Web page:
The uncertainty that has been injected into SA’s renewables industry since the May 2014 general election has once again raised an issue that was dormant: whether renewables are indeed an important part of the answer to SA’s energy security problem, or an ideological indulgence? At a panel discussion at the launch of the WWF publication, senior Industrial Development Corporation account manager Piet Badenhorst raised the issue of the hidden costs, related to the intermittent output of solar – and especially wind power plants. His comment sounded like an old point but may turn out to be an indicator of a shift in direction.

renewable-energy-pull-quote‘Energy efficiency is more than just good corporate citizenship, it makes business sense’


SA manufacturing has borne the brunt of the uncertainty. According to Manufacturing Circle chairperson Stewart Jennings: ‘The sector has lost 300 000 jobs since 2010 …No manufacturer can … [deal with] a huge increase [in electricity prices] when your prices are actually coming down because of the rand. Most manufacturers use a significant portion of electricity.’ There are, however, crucial initiatives to help firms cut the use of electricity in manufacturing that are reaping impressive benefits.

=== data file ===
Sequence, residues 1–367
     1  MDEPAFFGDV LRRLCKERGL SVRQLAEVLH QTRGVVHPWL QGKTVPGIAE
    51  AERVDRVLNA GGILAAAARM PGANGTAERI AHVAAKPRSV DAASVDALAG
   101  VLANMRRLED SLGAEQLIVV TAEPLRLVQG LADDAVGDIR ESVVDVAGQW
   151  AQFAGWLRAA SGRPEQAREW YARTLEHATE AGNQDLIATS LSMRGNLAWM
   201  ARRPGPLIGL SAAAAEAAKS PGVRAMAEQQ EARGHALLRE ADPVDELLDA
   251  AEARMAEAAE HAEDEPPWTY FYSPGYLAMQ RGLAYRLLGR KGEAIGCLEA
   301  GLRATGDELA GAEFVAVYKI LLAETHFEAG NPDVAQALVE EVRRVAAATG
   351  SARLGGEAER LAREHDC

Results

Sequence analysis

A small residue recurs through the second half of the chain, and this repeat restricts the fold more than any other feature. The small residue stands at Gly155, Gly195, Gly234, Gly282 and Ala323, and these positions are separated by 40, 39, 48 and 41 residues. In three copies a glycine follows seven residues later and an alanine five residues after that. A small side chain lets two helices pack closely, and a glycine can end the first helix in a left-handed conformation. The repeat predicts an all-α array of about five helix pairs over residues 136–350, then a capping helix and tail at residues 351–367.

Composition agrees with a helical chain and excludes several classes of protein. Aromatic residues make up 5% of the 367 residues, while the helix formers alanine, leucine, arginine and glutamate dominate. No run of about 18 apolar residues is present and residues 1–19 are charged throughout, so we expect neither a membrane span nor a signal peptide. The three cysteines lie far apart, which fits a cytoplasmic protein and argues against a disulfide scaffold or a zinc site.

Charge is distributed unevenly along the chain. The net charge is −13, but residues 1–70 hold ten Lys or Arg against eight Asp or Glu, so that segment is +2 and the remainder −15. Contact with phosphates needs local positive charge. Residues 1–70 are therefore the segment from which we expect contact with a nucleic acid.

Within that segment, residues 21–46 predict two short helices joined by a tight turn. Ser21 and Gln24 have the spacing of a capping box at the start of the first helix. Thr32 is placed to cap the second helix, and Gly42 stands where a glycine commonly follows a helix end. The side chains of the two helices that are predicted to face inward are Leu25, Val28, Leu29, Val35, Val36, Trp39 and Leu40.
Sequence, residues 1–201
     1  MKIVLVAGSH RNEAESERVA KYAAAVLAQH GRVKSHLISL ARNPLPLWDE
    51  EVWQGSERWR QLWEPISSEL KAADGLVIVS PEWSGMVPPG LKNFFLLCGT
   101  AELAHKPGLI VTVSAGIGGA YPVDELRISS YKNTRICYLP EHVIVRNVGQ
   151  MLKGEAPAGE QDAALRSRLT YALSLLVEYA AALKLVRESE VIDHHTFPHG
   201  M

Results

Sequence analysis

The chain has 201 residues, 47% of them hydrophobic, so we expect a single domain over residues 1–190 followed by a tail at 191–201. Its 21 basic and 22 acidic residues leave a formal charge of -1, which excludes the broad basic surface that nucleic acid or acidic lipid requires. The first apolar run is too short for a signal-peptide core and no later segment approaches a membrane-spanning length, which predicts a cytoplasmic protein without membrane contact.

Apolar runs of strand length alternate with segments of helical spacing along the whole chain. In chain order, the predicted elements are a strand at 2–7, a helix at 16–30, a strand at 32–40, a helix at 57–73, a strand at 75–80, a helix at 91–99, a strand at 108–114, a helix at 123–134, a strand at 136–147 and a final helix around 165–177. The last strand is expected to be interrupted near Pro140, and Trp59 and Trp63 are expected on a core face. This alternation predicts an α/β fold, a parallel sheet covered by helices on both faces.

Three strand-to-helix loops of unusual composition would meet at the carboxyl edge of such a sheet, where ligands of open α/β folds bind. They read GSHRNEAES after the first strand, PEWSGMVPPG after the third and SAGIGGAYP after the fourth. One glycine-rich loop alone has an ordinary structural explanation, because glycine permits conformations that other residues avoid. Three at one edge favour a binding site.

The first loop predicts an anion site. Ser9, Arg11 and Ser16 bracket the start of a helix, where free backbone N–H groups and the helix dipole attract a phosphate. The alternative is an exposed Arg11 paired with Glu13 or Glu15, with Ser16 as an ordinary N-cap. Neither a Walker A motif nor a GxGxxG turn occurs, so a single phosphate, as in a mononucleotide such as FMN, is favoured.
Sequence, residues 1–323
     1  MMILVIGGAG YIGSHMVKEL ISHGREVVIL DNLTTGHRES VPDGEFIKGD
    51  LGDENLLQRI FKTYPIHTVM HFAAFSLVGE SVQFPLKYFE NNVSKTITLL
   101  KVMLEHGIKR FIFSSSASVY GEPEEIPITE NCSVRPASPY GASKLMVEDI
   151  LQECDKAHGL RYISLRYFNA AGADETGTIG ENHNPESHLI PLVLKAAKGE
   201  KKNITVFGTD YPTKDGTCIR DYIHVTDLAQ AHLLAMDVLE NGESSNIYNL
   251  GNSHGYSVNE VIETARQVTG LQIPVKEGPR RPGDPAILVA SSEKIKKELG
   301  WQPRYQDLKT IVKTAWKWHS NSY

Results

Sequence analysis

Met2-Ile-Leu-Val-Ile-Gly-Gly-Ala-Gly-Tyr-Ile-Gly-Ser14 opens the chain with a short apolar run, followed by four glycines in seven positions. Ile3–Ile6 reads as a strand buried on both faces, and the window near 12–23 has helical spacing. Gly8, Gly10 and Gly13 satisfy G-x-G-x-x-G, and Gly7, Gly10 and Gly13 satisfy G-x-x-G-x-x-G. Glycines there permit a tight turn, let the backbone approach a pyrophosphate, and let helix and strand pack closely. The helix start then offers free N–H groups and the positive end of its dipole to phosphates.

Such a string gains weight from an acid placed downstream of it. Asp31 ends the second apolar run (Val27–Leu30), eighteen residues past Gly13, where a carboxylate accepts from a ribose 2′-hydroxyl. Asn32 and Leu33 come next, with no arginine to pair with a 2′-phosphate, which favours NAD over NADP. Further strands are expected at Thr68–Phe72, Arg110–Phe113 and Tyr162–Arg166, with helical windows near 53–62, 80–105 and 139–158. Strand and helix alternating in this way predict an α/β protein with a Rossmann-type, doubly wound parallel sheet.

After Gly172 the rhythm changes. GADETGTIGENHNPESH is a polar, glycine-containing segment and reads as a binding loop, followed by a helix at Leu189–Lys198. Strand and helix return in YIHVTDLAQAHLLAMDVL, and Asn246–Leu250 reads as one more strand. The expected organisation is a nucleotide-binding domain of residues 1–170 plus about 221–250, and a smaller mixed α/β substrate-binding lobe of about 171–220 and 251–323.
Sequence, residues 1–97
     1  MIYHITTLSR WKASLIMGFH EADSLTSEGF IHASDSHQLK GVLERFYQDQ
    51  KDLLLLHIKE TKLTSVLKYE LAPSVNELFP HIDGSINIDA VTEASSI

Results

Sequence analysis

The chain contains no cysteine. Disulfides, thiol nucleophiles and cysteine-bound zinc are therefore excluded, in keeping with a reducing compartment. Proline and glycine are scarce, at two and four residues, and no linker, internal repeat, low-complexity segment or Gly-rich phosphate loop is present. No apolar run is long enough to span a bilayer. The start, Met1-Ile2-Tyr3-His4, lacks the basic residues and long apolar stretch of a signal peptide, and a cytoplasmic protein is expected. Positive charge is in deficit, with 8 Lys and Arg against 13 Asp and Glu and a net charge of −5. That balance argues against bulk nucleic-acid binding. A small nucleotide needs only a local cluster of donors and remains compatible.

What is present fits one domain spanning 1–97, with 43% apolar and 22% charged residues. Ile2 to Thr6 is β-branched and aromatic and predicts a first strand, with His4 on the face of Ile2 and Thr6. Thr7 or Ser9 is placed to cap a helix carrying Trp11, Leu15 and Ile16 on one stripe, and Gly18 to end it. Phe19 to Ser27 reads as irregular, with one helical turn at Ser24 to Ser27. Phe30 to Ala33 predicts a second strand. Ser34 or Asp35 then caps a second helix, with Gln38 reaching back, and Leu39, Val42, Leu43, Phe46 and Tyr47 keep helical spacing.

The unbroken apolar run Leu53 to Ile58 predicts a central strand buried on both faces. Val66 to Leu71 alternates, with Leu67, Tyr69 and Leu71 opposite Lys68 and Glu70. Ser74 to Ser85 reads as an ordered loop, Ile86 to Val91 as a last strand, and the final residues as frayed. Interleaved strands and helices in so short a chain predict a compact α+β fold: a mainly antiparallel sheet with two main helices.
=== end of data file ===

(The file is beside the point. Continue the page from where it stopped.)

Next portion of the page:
One of these is the Industrial Energy Efficiency Project (IEE Project) implemented since 2010 by the National Cleaner Production Centre of South Africa (NCPC-SA), a programme of the Department of Trade and Industry (dti) hosted by the Council for Scientific and Industrial Research.

The IEE Project supports industry in the implementation of SANS/ISO 50001-based energy management systems. The system is a proven mechanism for reducing energy intensity in manufacturing, adopted by the South African Bureau of Standards in 2011.